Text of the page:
Striving to communicate with the divine through prayer and solitude has been a goal for many in one form or another for eons. During the Middle Ages this type of quest was taken to the extreme through a hermetic life in which an individual would sequester him or herself in a cell attached to a church with only a little window to the outside world. This kind of medieval mystic tradition, referred to as anchorism, is the centerpiece of David Ludwig’s The Anchoress, which was given its West Coast premiere by Chamber Music Northwest (July 17) at Kaul Auditorium.
Written in 2018, The Anchoress features the poetry of Katie Ford, in which she channeled a fictional woman from the 14th Century who becomes an anchoress. Ford’s evocative and sometimes dense text was sung superbly by soprano Hyunah Yu and augmented with panache by an unusual ensemble consisting of the Kenari Saxophone Quartet and the WindSync Wind Quintet.
Ludwig blended the combination of voice, text, and instruments into an arresting piece that sounded ancient and modern at the same time. It started with Yu walking slowly to center stage, with the two ensembles following her and singing the word “requiem” in a medieval-chant-like-fashion. The solemnity reinforced the idea that the anchoress was sealing herself in a living tomb, so to speak. Ford and Ludwig pointed out (in an interview in I care if you listen) that women in the Middle Ages didn’t have many opportunities. To become an anchoress was a distinguished alternative.
Ford’s poems told of people who visited the anchoress at the cell’s only window, seeking advice for their lives. If the anchoress replied with something that might have been heretical, it was suggested in Ford’s poetry with brackets and ellipsis. During those moments, the instrumentalists played loudly as if they were authorities who didn’t want the anchoress to be heard.
The saxophones and wind ensemble evoked a Renaissance-like sound that was also jazzy with a lot of the tones wiggling about like the chatter of people. Yu’s crystalline and emotive voice expressed the thoughts of the main character terrifically, executing leaps with pinpoint accuracy and using sprechstimme to great effect.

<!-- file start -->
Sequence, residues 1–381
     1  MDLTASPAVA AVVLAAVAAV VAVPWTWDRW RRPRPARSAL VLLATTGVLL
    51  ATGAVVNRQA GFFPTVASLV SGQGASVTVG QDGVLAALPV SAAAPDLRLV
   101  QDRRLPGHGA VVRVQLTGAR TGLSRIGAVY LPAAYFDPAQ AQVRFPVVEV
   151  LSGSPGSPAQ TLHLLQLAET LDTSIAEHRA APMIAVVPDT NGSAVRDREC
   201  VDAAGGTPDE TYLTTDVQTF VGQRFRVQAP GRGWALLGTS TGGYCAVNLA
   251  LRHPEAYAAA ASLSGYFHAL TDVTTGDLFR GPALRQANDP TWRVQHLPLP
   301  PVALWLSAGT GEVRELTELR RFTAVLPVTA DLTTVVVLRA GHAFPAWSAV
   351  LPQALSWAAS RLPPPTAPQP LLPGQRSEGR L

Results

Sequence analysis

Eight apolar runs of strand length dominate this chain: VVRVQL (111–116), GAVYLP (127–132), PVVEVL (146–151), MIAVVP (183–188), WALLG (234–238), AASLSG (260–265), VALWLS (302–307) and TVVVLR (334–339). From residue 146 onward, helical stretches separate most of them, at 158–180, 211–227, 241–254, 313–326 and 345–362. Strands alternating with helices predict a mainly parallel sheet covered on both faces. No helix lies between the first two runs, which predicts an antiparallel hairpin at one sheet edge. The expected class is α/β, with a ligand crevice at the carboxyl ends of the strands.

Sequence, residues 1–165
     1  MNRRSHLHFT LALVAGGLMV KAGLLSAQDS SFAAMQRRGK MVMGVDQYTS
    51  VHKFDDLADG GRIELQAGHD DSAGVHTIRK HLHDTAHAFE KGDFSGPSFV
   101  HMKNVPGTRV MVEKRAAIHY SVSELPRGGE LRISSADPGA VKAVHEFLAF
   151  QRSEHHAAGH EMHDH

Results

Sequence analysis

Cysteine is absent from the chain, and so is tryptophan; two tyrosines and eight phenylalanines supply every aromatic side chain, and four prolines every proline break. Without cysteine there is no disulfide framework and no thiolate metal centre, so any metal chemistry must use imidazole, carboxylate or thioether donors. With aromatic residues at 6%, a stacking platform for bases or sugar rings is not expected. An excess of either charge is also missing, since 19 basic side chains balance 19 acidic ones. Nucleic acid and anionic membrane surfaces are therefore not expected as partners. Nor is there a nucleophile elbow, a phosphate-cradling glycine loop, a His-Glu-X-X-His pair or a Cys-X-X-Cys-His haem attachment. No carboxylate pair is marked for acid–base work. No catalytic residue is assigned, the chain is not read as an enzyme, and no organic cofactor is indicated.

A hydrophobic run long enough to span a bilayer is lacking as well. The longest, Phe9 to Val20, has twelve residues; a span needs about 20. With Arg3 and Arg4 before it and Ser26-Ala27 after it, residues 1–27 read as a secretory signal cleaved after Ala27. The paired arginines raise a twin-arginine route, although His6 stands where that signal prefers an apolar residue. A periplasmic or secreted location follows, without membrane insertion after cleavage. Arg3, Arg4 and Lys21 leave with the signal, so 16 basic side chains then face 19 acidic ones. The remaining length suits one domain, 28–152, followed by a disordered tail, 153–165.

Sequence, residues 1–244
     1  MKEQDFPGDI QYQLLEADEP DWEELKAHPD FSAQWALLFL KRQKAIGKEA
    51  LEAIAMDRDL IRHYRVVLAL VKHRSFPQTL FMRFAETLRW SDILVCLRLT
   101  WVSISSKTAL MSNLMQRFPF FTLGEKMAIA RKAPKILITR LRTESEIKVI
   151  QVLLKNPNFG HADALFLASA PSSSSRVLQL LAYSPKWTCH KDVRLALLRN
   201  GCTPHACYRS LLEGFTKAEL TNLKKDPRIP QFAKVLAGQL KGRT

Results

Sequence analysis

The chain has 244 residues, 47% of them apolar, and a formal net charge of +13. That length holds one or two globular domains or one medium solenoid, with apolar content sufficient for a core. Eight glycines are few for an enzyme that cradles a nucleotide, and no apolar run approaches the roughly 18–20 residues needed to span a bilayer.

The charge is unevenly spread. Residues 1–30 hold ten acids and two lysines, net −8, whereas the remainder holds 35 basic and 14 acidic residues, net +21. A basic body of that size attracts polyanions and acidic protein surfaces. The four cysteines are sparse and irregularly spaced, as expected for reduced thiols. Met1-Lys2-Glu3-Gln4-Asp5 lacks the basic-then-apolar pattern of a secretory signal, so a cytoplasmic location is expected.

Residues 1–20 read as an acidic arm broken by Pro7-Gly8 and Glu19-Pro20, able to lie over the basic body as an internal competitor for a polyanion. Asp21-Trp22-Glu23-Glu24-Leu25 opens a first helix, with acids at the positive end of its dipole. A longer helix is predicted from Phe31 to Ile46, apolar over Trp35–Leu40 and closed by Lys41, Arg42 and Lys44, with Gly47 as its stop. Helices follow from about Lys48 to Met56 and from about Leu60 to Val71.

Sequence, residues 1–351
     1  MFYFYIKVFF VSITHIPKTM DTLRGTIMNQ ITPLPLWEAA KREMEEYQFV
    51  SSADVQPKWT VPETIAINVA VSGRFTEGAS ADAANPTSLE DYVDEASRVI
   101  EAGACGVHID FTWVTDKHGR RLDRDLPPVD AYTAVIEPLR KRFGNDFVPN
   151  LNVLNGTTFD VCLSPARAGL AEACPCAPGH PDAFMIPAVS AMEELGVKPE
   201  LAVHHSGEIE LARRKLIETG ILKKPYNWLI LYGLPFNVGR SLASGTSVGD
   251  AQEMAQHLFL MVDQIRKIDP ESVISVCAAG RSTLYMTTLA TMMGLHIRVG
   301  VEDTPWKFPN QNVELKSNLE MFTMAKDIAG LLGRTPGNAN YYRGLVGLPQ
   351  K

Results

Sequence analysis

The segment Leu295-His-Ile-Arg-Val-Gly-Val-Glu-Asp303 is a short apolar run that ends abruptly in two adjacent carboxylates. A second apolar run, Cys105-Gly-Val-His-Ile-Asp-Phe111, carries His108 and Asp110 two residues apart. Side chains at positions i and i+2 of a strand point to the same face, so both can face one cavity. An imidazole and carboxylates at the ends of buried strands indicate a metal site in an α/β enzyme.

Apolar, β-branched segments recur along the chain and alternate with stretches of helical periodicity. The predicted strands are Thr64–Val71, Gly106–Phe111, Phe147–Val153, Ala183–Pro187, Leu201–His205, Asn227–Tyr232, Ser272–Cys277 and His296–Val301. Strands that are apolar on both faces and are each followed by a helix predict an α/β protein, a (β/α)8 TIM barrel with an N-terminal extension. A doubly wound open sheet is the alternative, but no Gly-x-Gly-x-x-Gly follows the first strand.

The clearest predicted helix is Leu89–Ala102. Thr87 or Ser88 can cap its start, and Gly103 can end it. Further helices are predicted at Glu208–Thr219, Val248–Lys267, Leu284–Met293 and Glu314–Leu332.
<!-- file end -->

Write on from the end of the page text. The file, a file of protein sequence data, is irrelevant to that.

The fictional anchoress had doubts and sought clarity, but didn’t see herself as an oracle for others. At one point, she told of a dream about leaving her cell and going into the forest where she encountered the voice of God speaking through a “tent of sticks and linden in which burned an amber light.” That evoked the story of Moses and the burning bush in the Old Testament. The anchoress’s thoughts at this point of the story were again redacted with brackets and ellipsis and interrupted with sforzandos from the musicians.
Yet with the music settling down and becoming more soothing, the anchoress persevered and made her own way to God, with Yu and her colleagues concluding the story on a high note and a peaceful resolution. It was fascinating to hear the imagined thoughts and words of someone from so long ago. You could think of such people as influencers in today’s lingo–but without any financial motivation. That’s refreshing.
The first half of the concert began with the Kenari Saxophone Quartet percolating through Mischa Zupko’s lively Quantum Shift. The foursome (Bob Eason, Kyle Baldwin, Corey Dundee, Gabriel Piqué) evoked a fun and carefree spirit right from the get-go with a propulsive drive.
After shifting into a lower gear and slowing down a bit, the one-movement piece again took off but then seemed to dissolve like a fizzy tablet thrown into water. But that didn’t last very long and the music took off again, emitting a constant, peppy swirl that brought everything to a delightful close.
Florence Price’s Piano Quintet in A Minor received an outstanding performance by pianist Stewart Goodyear and the Catalyst Quartet (violinists Karla Donehew Perez and Abi Fayette, violist Paul Laraia, cellist Karlos Rodriguez). The ensemble created superb rhapsodic melodies in the first movement, filled with pristine ornamentation from Goodyear. The second movement was wonderfully serene, and the third elicited ragtag-like themes that finished with a flourish. The fourth brought out big emotions, with Goodyear pouncing all over the keyboard and the strings digging in like crazy.
The audience erupted with sustained, enthusiastic applause and cheers, making a strong case for this quintet to be played more often by chamber music groups.